This week I have been participating in the “art challenge” thrown down on Facebook. I don’t know where these things come from, (likewise memes, where are they born? who runs the meme factory?) but this one seems to have started in the illustrator community and crossed over into the artist world that is my social media life. Unlike the chain letter of old in which a tattered mimeograph threatened karmic harm and financial ruin if you didn’t pass it along with five dollars to the next person, this benign version simply asks that you post three images for five days in a row, each time tagging a new artist. In the currency of the chain letter, five dollars is worth approximately one ‘like’, as one ‘like’ can, if you are fortunate accrue interest and become forty, and perhaps even lead to a comment. Which of course will not buy you a cup of coffee.
Putting aside for the moment the riddle of how Facebook can manufacture actual dollars for an artist, I’d like to focus on the other currency, what you could call the stocks and bonds, or perhaps more accurately the less tangible stock options of love and encouragement. This treasure can be rare in the cut-throat world in which the creative class competes to make an increasingly scarce living. Artists compete for grants, for galleries, for sales, and for awards. An artist can work alone in the studio for weeks or months – or even years – and hear absolutely nothing back. In this void, creative encouragement, community and inspiration are vital. Although the common perception is that Facebook encourages lifestyle competition, envy and general bitchery I have found the exact opposite to be true. My Facebook is a stream of extraordinary images and thoughts from my friends and the ever-widening circle of visual thinkers my friends expose me to.
The challenge week brought new eyes on my own work but also introduced me to a flood of brilliant work from artists I had not been aware of. Many artists posted mini retrospectives, with work going back decades and showing the evolution of their style, which gave me a huge appreciation of the depth of their work and their commitment to it. I chose the retrospective approach as well, and it was a powerful experience to line up the past and the present and see how it all makes sense, as well as to link to influences, that personal list of my favorite obscure dead people, (speaking of which, Ben Nicholson: go give his drawings some love.)
I find my online community to be an increasingly rich and inspirational environment, a kind of daily graduate school into which I can wade and learn and test out ideas. I don’t think this is what Mark Zuckerberg had in mind when he invented this thing to figure out if your roomate’s sister’s cousin was single without asking her. Facebook has also served to be a galvanizing and very effective political force when issues arise that challenge the arts community’s ethics. A situation arose with a non-profit last year that many artists saw as shockingly exploitative and damaging to the arts community. Within 48 hours the issue went viral and the situation was resolved. Yes a few comments were needlessly spicy, but for the most part it was a genuine public conversation resolved immediately and politely with satisfaction on all sides. Much as I favor face to face communication, I doubt that a town hall with microphones and people shouting would have led to such a harmonious resolution. Although some people will say vicious things online that they never would consider offering in person, the reverse it also true—shy people will push a button from the safety of their armchair, and the collective ‘likes’ of those shy people can be very effective. In this recent situation artists, who can be notoriously self-involved, got a glimpse of the effectiveness of collective action.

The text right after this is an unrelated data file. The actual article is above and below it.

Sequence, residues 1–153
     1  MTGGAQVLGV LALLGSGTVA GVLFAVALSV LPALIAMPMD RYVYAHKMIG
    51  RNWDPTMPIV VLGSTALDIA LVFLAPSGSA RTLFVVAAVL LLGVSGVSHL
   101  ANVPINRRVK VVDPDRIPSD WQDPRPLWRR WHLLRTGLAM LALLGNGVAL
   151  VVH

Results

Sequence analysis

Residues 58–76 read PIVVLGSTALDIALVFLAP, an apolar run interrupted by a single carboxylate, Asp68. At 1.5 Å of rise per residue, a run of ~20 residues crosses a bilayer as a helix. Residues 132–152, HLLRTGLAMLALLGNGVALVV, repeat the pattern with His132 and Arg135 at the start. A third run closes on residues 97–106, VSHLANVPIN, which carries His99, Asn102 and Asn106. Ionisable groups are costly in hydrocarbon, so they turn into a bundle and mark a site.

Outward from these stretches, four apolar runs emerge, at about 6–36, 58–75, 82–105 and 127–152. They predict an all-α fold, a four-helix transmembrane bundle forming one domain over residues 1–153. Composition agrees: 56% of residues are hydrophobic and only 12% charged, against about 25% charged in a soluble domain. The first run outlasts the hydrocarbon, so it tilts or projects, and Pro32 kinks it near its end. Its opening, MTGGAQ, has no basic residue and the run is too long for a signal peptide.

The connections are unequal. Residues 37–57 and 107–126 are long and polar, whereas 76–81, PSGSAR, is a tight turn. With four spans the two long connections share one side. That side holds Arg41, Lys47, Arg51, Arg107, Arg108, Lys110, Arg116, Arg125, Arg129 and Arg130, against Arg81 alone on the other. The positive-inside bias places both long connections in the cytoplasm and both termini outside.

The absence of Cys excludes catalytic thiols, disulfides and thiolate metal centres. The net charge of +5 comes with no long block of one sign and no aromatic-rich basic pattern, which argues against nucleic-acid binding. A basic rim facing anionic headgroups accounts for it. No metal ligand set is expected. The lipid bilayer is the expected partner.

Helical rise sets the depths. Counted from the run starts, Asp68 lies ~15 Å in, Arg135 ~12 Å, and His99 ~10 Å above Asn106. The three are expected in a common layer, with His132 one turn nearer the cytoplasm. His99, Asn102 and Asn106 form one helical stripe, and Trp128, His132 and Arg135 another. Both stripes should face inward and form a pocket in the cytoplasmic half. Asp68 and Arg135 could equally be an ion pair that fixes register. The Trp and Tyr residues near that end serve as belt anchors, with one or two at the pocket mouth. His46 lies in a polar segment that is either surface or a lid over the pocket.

What I think of as a virtual art bar of has helped to create a sense of community that I have never felt before. Particularly in Seattle, known for its chill culture, the difference is noticeable. It could be my imagination, but it seems like First Thursdays gallery nights are far more social and friendly and less cliquish. I have made many aquaintances online who become offline associates and friends. As a daily practice, the online community allows us to see into each others’ creative lives, offer support, pass along show announcements, recommend each other for shows and yes — I do know someone who sold a piece of work from the art challenge just this week….) All this, and I doubt any of my artist friends has ever voluntarily clicked on an ad for ****** shoe company. Sorry, Mark. So it’s ‘free’ although one’s time is expensive, and there is the rabbithole one can go down of never getting offline.
Speaking of which I have to get back to the studio. Stay tuned for a show coming up in April (!). Before I go, here are a few links to artists I became more acquainted with this week, all extraordinary and worth taking a look at:
Noni Boyle, painter, make of luscious charcoal drawings
Ian Macleod, abstract seer into the nature of phenomena
Emily Gherard All I can say is the Stranger Genius Award folks knew what they were doing
P.S. I hope if you are watching the “Game” today, even if you truly are the 12 Man/Woman eating organic black bean chips and swigging fine craft beer in font of the television that you take time during the ad breaks to read this and pass it on. I’ll be watching it all from the treadmill in my empty gym.